Maxik’s Lighting Science Group decided to sieze this opportunity and develop lighting for the workplace. They initially created two products; a bulb with a strong cyan glow, which reproduced natural light in order to help people stay awake during the day, and another that glowed with a cyan-depleted reddish color to support melatonin production in the evening. The GoodDay (cyan bulb) and GoodNight (cyan-depleted bulb) were then joined by an adaptive bulb which transitioned between these two modes to mimic the natural rhythms of the sun.

One of their clients, Markon Solutions, a management consulting firm, has been using the Lighting Science bulbs and desk lamps in its Virginia office for the past six months or so. Workers at the company were a little apprehensive of the bright cyan bulbs to begin with, says company VP Raymond Carney, but they were soon “fighting over the portable lamps” that were on offer and Markon were forced into ordering more.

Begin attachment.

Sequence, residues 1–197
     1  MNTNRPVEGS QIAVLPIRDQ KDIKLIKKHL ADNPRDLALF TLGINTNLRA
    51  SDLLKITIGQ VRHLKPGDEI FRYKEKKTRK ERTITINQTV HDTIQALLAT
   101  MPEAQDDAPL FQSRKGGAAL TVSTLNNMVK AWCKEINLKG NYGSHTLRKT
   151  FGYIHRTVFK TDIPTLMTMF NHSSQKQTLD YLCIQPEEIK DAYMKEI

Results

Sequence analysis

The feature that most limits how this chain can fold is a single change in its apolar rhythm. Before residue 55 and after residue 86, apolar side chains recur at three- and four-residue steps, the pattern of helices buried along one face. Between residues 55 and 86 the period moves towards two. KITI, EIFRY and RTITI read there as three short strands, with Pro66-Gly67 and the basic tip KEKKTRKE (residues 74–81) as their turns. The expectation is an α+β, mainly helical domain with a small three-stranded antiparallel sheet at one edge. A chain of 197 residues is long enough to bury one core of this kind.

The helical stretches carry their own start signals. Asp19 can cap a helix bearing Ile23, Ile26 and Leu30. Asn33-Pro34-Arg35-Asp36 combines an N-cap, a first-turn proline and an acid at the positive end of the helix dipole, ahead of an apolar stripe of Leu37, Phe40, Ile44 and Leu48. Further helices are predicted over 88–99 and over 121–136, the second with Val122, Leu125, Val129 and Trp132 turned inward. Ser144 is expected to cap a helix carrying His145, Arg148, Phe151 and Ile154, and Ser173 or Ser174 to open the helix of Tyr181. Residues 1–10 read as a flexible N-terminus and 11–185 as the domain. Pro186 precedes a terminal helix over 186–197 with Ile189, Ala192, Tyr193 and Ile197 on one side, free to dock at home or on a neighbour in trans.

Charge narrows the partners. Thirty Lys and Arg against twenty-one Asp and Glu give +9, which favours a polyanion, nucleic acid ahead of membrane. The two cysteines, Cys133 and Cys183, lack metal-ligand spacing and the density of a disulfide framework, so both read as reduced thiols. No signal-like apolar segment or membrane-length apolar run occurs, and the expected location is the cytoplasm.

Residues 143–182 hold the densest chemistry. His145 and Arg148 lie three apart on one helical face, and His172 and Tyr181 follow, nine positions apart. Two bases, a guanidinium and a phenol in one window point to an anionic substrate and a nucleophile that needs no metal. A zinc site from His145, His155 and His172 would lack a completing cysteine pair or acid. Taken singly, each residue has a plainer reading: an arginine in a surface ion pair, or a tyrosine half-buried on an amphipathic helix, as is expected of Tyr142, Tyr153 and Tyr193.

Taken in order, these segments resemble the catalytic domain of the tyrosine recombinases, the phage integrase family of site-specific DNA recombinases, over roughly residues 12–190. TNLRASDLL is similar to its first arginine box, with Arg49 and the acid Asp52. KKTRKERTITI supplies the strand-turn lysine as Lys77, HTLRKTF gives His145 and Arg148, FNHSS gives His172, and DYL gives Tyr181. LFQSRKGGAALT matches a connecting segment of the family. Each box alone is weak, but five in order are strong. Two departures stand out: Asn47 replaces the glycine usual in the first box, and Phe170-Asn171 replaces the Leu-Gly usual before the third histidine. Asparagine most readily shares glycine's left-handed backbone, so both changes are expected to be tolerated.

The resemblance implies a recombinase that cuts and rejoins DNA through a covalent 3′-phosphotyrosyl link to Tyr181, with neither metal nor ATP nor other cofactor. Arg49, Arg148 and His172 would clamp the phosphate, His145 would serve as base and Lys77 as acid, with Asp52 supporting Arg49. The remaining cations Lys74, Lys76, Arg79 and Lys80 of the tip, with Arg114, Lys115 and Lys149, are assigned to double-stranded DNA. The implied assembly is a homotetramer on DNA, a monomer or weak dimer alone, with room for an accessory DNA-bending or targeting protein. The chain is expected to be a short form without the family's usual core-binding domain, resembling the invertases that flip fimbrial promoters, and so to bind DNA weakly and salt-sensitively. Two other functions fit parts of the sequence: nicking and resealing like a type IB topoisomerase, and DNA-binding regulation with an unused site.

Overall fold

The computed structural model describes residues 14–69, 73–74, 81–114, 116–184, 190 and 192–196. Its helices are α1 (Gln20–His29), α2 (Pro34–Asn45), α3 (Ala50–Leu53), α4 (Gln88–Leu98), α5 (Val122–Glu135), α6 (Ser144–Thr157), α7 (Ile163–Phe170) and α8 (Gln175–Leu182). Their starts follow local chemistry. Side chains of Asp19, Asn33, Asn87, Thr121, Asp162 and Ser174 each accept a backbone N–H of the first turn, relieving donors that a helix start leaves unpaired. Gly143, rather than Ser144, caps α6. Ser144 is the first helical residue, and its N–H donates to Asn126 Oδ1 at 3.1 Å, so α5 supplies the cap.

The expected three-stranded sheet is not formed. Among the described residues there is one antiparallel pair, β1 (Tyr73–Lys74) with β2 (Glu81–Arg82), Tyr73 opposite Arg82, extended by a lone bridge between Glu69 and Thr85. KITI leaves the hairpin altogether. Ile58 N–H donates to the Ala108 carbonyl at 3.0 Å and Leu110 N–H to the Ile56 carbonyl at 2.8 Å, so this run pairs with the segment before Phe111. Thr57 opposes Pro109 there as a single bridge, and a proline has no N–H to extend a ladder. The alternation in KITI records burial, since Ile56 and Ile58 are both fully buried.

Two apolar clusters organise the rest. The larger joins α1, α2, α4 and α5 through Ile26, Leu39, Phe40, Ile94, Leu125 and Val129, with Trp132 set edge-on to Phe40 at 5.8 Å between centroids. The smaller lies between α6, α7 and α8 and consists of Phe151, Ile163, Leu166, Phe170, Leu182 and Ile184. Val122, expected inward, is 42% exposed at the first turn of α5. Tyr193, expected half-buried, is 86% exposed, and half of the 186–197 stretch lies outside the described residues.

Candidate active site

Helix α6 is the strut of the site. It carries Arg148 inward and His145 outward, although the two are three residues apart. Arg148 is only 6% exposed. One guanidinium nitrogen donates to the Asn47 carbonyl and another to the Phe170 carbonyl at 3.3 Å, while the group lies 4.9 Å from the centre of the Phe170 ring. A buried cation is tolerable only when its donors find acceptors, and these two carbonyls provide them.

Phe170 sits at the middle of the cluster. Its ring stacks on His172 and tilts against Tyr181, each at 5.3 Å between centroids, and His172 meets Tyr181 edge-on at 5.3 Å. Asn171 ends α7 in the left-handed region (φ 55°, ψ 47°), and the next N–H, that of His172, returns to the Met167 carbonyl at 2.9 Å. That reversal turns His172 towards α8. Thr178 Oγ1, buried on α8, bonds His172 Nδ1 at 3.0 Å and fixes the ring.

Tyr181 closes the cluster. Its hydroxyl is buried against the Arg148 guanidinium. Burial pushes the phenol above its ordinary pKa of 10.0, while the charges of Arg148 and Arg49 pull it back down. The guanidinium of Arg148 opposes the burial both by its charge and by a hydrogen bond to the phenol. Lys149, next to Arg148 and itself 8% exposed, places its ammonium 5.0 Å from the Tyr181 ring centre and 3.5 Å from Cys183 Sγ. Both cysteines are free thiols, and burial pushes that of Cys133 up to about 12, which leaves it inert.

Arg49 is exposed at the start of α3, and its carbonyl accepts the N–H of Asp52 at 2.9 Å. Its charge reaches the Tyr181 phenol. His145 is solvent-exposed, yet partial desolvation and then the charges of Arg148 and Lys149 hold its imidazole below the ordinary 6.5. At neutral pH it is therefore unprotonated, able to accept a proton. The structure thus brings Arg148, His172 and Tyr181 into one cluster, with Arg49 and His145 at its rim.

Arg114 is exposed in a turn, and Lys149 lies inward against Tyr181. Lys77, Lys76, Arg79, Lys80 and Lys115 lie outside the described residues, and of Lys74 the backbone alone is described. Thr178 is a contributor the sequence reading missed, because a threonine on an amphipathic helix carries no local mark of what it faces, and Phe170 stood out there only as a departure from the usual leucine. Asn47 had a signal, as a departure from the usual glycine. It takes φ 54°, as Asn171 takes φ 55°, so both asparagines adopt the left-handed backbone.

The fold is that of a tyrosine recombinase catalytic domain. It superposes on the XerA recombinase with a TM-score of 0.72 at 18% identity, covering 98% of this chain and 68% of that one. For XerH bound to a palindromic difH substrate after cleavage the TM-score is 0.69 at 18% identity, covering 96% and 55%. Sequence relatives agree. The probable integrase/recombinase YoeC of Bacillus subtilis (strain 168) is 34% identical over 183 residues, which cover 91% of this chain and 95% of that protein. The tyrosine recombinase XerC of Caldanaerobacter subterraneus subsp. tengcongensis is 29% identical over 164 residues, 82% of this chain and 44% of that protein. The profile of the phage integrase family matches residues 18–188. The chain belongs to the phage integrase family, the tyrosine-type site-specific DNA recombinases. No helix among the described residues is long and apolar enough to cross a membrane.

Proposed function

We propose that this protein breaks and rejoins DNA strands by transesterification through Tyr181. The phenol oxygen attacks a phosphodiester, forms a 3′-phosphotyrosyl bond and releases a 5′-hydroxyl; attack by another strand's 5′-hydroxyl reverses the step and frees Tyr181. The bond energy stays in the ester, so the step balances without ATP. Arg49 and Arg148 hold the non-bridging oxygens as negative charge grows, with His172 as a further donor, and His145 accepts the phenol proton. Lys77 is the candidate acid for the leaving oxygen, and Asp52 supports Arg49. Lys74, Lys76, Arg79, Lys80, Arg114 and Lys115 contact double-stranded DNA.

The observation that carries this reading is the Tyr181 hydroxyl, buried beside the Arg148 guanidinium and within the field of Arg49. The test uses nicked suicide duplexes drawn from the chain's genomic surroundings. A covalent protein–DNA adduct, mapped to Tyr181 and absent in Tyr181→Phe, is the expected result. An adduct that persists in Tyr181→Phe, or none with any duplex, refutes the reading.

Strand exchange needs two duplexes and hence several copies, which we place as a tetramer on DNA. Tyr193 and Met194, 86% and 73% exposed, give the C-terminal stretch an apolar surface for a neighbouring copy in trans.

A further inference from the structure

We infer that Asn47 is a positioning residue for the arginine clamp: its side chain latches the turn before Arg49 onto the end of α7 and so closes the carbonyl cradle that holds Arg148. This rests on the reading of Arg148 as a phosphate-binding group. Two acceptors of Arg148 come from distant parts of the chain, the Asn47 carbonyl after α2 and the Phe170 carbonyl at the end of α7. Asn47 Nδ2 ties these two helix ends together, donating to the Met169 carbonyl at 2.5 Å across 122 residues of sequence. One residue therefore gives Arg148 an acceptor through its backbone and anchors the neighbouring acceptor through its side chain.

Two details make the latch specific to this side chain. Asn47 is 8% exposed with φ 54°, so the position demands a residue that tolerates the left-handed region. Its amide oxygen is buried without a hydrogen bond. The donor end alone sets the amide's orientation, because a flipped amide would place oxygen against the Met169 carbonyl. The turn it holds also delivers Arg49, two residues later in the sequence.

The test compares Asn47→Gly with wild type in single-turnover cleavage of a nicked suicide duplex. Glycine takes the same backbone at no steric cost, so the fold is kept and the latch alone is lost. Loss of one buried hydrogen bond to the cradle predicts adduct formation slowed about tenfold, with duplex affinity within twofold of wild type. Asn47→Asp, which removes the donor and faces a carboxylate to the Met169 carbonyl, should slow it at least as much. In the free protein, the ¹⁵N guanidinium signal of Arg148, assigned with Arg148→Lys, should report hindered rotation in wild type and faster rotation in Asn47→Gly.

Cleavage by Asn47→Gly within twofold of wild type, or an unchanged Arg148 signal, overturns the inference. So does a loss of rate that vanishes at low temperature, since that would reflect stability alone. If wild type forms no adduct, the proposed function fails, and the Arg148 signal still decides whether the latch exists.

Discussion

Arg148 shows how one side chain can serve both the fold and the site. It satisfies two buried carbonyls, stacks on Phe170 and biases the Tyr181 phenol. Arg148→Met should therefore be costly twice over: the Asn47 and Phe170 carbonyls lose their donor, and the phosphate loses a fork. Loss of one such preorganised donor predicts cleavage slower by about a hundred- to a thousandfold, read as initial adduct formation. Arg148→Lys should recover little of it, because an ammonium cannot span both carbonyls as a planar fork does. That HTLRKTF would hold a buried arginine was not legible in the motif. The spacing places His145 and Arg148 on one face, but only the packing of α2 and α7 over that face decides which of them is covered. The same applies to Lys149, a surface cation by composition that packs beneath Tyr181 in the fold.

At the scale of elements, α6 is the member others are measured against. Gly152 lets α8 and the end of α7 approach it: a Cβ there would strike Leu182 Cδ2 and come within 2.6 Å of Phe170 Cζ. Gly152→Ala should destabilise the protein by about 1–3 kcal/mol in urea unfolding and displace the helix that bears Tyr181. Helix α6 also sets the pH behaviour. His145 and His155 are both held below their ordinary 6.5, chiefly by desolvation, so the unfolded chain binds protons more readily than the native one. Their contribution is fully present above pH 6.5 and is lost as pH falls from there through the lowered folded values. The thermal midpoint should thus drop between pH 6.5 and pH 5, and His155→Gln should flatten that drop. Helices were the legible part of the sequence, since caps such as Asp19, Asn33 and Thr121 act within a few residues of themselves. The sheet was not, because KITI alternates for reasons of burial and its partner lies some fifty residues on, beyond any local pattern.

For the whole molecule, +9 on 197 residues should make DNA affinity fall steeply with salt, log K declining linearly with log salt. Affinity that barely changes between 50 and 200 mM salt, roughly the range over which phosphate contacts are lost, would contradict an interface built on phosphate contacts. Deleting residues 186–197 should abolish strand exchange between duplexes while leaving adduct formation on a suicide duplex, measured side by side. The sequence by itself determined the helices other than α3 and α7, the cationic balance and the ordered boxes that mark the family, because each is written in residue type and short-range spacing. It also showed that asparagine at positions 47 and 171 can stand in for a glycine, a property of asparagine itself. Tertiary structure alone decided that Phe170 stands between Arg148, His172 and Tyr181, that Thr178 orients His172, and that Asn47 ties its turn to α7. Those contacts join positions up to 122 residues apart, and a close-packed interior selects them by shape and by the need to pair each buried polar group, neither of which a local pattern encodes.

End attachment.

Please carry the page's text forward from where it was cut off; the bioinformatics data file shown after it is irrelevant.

Despite the science, it seems that many still have doubts about the theory and the ability for such technology to make a noticeable impact on work or sleep. “I’ve been asked that question a bunch of times – can you prove it?” Carney says. “I can’t necessarily. I know there’s a lot of science behind it. But I’ll say this: Two of our conference rooms have the lights in them and the rest don’t, and people always want to use the rooms that have them.”